The United Parcel Service corporate pension fund is finalising an asset liability study this year which will result in a new strategic asset allocation.
The $28 billion US fund, typically has a lower allocation to fixed income than its peers and has a reasonably aggressive portfolio for a corporate defined benefit fund.
It is a young, open plan with a low payout ratio at around 3.3 per cent. It means the investment allocations can be more innovative than a de-risking mature defined benefit fund, and chief investment officer, Brian Pellegrino, and his team have been exploring new ideas to make the most of these structural opportunities.
In the past, fund allocations were primarily focused on the asset side, and it is now focusing the allocation process on meeting future liabilities.
Pellegrino says that while the fund is not trying to solve any particular problem, it’s a good time to look at its liabilities, adding that the company recently hired its first in-house actuary.
“We will look at our cash outflows and our funding status, and will have a special focus on liabilities this year,” he says.
In 2010 the UPS pension scheme moved to a master trust structure, allowing it to easily manage its four underlying plans in a single asset allocation.
It last implemented a strategic asset allocation change in 2009, which was an abnormal or unscheduled change in response to the financial crisis, and had previously implemented a change in 2007.
It will finalise a new asset allocation later this year as a result of the asset liability study, but currently the asset allocation is 42 per cent to global equities, 30 per cent in fixed income 10 per cent to private markets, 10 per cent to hedge funds, 10 per cent to opportunistic liquid alternatives.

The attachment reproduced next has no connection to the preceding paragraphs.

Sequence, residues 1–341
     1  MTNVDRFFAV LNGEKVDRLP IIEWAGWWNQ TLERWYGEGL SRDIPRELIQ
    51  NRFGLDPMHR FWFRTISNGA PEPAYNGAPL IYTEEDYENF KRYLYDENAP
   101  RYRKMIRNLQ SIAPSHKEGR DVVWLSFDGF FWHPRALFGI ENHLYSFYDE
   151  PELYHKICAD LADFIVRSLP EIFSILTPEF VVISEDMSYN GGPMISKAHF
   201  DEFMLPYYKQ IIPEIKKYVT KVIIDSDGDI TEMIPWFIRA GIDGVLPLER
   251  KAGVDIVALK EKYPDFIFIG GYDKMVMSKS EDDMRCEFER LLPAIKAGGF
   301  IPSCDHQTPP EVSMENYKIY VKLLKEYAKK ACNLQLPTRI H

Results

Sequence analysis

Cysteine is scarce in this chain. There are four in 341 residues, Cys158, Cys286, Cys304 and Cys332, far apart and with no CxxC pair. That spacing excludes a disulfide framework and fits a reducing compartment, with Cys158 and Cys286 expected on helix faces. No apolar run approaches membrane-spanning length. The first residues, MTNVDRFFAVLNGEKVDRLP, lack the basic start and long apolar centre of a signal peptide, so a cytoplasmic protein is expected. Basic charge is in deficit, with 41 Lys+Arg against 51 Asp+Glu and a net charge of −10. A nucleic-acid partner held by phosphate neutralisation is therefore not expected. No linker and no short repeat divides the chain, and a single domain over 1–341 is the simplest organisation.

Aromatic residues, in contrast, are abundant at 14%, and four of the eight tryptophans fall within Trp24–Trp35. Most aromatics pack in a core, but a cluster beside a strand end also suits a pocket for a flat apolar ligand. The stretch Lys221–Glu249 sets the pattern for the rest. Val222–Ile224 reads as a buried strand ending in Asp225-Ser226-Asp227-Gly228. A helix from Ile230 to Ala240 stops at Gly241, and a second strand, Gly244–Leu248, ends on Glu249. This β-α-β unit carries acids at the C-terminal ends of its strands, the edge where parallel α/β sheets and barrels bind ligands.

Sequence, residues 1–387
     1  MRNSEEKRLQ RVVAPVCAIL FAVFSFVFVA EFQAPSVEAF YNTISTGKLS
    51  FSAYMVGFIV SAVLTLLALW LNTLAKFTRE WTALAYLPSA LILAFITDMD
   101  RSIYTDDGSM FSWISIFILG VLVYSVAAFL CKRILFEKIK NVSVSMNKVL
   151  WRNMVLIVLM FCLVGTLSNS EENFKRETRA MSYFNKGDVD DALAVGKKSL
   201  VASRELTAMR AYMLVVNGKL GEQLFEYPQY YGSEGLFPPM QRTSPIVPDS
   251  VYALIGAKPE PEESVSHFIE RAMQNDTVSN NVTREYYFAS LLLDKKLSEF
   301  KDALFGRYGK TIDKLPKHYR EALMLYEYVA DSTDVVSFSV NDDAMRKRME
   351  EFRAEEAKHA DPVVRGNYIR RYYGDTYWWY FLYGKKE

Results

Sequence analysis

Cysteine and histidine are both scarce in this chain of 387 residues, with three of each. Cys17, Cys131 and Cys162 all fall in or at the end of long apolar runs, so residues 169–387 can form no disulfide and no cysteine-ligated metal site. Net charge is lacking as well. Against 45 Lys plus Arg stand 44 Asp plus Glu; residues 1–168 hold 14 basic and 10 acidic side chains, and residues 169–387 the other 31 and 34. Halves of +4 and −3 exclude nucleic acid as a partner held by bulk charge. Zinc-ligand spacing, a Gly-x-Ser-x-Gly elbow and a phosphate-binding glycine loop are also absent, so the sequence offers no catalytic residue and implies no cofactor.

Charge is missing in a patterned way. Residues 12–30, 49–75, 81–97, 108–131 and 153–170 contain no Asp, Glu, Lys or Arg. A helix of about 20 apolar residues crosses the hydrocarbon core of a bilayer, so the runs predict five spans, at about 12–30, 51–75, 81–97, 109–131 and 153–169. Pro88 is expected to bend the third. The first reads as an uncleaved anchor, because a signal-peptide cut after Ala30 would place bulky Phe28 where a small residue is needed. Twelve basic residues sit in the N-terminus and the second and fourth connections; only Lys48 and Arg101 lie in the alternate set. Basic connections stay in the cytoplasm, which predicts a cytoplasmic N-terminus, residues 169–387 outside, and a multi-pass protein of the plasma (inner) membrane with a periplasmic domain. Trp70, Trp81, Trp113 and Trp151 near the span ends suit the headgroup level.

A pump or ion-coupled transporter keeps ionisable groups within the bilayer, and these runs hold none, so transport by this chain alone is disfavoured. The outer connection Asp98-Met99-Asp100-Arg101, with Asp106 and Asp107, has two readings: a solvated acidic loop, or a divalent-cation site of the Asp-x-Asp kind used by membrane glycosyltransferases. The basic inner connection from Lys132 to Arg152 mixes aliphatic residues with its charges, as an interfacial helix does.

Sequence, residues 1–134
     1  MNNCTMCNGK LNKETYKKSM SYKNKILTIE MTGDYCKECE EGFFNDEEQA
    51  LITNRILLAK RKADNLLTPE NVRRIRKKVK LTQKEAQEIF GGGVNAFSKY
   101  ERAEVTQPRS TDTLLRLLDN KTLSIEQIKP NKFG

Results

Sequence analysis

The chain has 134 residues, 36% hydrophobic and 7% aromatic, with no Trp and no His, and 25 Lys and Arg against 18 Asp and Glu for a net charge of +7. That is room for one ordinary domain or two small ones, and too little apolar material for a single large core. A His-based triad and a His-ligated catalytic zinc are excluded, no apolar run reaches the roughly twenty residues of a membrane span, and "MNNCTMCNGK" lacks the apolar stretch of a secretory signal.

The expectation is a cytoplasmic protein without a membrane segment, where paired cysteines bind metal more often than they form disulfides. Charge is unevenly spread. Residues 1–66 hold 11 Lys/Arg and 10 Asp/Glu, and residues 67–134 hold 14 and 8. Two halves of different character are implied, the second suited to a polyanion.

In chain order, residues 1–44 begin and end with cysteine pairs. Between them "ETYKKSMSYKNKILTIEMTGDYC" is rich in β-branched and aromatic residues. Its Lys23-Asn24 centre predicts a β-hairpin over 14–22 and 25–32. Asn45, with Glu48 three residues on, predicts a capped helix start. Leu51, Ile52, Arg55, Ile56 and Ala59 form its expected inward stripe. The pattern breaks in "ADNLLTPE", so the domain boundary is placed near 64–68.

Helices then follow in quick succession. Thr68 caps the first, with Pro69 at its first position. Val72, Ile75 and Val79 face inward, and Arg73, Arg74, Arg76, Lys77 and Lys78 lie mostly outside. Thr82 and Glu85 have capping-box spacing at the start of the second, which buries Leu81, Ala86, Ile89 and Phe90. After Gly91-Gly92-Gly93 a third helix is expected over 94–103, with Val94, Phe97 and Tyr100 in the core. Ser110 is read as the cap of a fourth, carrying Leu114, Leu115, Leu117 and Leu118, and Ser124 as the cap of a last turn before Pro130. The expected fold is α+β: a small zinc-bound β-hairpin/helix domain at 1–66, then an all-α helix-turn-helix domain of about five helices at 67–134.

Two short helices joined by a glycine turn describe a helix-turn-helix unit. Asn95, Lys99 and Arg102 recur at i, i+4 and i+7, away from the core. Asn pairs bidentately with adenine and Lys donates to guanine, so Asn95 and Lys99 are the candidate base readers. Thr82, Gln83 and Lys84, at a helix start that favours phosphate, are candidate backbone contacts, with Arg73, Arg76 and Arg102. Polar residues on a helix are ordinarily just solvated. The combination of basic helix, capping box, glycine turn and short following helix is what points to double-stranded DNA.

The investment staff are given very wide bands around the broad asset allocation, provided they stick within the investment policy, giving them autonomy and flexibility.
“If we function within the investment policy then we can make tactical decisions internally without having to seek approval from our board” Pellegrino says.
By way of example he says the portfolio had a hedge ratio of about 15 to 20 per cent from 2009 to mid-2011 when it started adding duration – mostly in the US Treasury Market – and ended the year with a 40 per cent hedge ratio. That started coming down in 2012 and in 2013 the fund was mostly underweight fixed income and duration, with a hedge ratio of about 20 per cent, and an asset allocation of about 25 per cent to fixed income versus the mid-point of 30 per cent.
“It is prudent to maximise our return seeking assets as we don’t have liquidity constraints,” he says. “Strategically we are looking for investments with a definite life where we can have some confidence in underwriting the upside and downside. You can end up with better risk return characteristics.”
New investments by UPS include structured credit, bank recapitalisation strategies, and an investigation into ownership interests.
The fund has a broad allocation to new and interesting investments across private and public markets.
The lack of liquidity constraints, the ability of the private markets team to evaluate opportunities, and the flexibility to commit capital quickly has meant the fund can actively invest in private markets.